Leap Motion announced its plans to bring its hand tracking technology to the mobile market. The software company is working with partners to integrate second-generation Leap Motion sensors into mobile VR HMDs in 2017.
In November 2010, Michael Buckwald and David Holz founded Leap Motion, a software company devoted to building a robust hand tracking system for PC interaction. At the time, Buckwald and Holz had no idea that consumer virtual reality would hit the market half a decade later. They intended their product, a software package paired with an infrared camera system, to be used strictly for desktop interaction, but technology has a funny way of advancing in ways we couldn’t ever predict.
Leap Pivots To Virtual Reality
Not long after Oculus launched the Rift developer kits, software developers started to experiment with using the Leap Motion sensor to add hand tracking to their VR experiences. Leap Motion took note and quickly embraced the idea. The company released an official mount for the Oculus DK1 and DK2 headsets and proceeded to rewrite its software with VR in mind.
Earlier this year, Leap Motion launched the Orion software beta, which was created from the ground up for virtual reality integration. The company released the software to the public, but Orion was developed for a new sensor, not the Leap Motion peripheral.
New Sensor Hardware
When Orion launched in February, we spoke with Leap Motion’s founders about the new software and the future direction of the company. Michael Buckwald, Leap Motion’s CEO, told us that the company was working with multiple OEMs to bring hardware to market later this year. The year is fast coming to an end, but even if Buckwald missed the mark, he wasn’t far off.
Leap Motion revealed a reference design mobile VR HMD device with integrated second generation Leap sensors embedded in the faceplate. David Holz, Leap Motion’s CTO, explained that the reference hardware is a custom faceplate for the Samsung Gear VR HMD, which includes Leap Motion sensors and a USB cord to power it.
The faceplate features Leap Motion’s as-yet-unreleased second generation camera system. The improved sensor takes the camera’s field of view from 140 x 120 degrees (horizontal by vertical) to an incredible 180 x 180-degree tracking space, and new sensor hardware also has a larger depth of field to accommodate tall people with unusually long arms. Additionally, Leap Motion managed to reduce the sensor’s power draw by 50%.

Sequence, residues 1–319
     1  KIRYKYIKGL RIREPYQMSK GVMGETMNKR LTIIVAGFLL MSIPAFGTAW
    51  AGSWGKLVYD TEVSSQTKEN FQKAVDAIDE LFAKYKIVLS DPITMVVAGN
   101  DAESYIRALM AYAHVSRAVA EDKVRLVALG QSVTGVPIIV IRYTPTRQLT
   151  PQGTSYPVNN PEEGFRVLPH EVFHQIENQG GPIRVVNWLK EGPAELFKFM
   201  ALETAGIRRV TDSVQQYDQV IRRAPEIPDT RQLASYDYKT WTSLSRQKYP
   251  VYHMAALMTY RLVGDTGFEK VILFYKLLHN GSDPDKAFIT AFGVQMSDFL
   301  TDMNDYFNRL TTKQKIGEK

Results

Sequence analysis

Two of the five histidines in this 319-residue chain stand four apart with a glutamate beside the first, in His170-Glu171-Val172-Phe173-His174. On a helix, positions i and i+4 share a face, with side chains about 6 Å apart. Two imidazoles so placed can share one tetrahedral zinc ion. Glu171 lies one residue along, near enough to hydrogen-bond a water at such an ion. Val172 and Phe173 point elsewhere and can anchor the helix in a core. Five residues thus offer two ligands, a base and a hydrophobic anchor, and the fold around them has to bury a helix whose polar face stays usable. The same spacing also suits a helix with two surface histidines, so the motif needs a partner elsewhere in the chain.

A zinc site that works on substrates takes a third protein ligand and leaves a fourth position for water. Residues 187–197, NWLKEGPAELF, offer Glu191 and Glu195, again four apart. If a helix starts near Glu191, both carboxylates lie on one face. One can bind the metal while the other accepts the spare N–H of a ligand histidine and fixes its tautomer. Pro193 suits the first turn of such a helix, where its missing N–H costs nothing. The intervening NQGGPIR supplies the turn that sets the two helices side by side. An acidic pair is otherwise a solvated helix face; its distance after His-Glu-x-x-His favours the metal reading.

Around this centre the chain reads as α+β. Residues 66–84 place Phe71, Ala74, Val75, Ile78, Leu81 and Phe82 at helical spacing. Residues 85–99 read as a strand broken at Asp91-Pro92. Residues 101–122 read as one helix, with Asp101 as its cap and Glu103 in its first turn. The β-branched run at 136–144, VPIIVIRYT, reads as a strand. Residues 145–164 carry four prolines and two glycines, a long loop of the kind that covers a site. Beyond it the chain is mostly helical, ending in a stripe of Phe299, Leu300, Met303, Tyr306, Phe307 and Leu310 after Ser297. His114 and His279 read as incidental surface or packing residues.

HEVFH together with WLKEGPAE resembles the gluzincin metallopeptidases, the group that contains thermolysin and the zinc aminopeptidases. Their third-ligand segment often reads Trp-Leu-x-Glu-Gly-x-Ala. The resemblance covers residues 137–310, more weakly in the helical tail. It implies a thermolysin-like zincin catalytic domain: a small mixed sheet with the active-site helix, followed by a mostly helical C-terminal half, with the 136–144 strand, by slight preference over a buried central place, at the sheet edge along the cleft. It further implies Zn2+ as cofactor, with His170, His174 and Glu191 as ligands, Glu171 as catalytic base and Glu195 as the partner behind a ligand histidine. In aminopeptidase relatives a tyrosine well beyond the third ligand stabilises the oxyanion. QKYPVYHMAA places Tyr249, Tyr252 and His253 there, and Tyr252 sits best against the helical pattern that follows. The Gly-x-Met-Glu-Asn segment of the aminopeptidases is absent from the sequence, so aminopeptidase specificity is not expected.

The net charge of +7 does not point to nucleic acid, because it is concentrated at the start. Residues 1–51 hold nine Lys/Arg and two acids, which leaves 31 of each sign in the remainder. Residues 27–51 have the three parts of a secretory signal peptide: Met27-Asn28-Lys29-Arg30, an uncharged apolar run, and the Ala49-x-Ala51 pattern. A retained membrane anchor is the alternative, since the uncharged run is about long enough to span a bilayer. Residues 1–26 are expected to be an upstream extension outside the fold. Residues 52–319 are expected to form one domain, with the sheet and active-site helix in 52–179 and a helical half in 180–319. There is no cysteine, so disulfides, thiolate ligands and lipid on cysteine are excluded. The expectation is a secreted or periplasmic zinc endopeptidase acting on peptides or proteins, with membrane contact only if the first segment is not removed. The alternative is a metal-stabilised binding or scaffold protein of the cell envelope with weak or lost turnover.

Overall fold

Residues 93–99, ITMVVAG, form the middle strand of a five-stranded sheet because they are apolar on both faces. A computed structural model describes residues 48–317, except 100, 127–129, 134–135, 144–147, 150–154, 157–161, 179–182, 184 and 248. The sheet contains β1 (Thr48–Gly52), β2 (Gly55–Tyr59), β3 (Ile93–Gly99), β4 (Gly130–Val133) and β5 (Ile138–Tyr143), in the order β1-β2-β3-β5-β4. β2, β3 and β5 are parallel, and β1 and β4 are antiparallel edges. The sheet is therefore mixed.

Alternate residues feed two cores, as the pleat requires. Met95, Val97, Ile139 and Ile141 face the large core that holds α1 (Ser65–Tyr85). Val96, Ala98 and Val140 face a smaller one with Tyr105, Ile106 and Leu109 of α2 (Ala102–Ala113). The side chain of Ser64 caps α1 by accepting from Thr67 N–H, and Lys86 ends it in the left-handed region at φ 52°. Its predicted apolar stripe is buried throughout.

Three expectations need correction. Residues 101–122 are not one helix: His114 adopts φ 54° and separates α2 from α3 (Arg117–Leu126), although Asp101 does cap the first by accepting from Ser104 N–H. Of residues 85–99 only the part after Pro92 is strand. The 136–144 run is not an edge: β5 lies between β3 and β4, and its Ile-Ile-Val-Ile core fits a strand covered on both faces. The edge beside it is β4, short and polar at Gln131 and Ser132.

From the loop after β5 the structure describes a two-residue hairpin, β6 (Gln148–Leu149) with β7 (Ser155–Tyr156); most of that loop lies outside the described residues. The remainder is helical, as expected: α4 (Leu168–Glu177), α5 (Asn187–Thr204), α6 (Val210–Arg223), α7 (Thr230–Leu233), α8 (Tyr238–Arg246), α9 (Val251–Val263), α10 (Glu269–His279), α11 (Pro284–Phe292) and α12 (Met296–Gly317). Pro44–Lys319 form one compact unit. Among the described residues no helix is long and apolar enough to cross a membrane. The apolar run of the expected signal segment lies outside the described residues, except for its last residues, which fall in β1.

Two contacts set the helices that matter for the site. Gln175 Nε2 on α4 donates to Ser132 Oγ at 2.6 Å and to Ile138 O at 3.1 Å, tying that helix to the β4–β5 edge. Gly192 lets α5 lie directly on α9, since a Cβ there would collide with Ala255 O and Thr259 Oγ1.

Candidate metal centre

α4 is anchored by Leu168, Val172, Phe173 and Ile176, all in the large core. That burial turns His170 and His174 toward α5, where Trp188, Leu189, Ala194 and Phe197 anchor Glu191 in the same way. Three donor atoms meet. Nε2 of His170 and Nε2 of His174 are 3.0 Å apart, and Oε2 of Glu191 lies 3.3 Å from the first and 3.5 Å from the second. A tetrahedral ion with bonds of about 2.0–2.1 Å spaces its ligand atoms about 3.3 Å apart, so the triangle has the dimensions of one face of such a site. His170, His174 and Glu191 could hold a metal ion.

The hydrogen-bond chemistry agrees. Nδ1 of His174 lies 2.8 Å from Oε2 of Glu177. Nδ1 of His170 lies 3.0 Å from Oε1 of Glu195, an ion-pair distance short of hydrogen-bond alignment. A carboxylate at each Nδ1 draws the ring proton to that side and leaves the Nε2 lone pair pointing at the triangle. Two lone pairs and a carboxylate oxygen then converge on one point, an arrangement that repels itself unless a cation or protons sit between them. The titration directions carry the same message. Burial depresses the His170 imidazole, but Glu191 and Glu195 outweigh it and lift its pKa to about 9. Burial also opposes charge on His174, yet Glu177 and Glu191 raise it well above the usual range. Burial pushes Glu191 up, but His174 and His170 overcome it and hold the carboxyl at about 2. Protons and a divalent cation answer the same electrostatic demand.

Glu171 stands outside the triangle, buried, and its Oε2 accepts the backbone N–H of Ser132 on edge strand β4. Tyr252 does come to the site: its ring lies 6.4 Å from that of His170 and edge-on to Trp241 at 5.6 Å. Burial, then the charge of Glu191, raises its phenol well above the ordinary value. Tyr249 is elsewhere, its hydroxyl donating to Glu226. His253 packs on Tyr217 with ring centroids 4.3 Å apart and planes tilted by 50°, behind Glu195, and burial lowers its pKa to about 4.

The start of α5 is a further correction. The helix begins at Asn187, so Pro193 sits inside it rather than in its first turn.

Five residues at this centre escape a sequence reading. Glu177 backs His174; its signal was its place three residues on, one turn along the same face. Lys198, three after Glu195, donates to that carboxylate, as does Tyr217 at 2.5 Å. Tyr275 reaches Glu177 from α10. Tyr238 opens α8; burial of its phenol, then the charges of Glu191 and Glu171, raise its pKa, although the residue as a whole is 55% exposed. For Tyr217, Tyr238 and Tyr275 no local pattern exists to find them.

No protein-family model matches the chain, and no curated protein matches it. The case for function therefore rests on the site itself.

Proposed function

Leap Motion is currently sending reference hardware to multiple manufacturing partners that plan to launch mobile VR HMDs in the new year. Leap wasn’t willing to give a date, but we were told we’d hear announcements “this year.”
Millions Of Units
Leap Motion believes that mobile VR is poised to take off in a big way next year, and apparently so do its partners. The company said there are many “first tier” hardware companies that are eager to launch VR HMDs, but they believe the mobile market is the key to mass adoption, and the lack of hand presence is the key ingredient that is missing from current mobile options. With Leap Motion’s sensors and software, these hardware companies are confident that they can sell “millions of units.”
“The thing that is going to be world changing--that is going to sell millions, if not billions of devices, is not going to be totally different than the devices we see now, but it will be different enough in a lot of subtle, nuanced ways,” said Buckwald. “And we think that has to be driven from input first, in the same way that the addition of the capacitive touch screens and direct physical input changed everything for smartphones and took them from a .1% device to an 80% of the population device.”
Leap Motion’s new sensor hardware is designed to work with any ARM-powered device, and Leap Motion said we could expect to see standalone HMDs as well as smartphone HMDs with Leap Motion sensors embedded in them. Leap Motion, understandably, can’t reveal its partner’s products, and by extension, it can’t reveal which companies it is working with, but Leap Motion’s founders are confident in their future.
“I think even people who are very plugged into VR will be very surprised at the magnitude and number of companies that are announcing not just Leap Motion integration, but that have serious projects underway that were kicked off years ago around VR and mobile VR,” said Buckwald.
Get A Demo
The Leap Motion Mobile Platform is available only for hardware developers, but Leap Motion plans to show off its reference hardware to developers, press, and the public over the next few months. Leap Motion didn’t give us a list of events, but the company plans to attend major VR events to let people experience what it’s like to have fully tracked hands in mobile VR.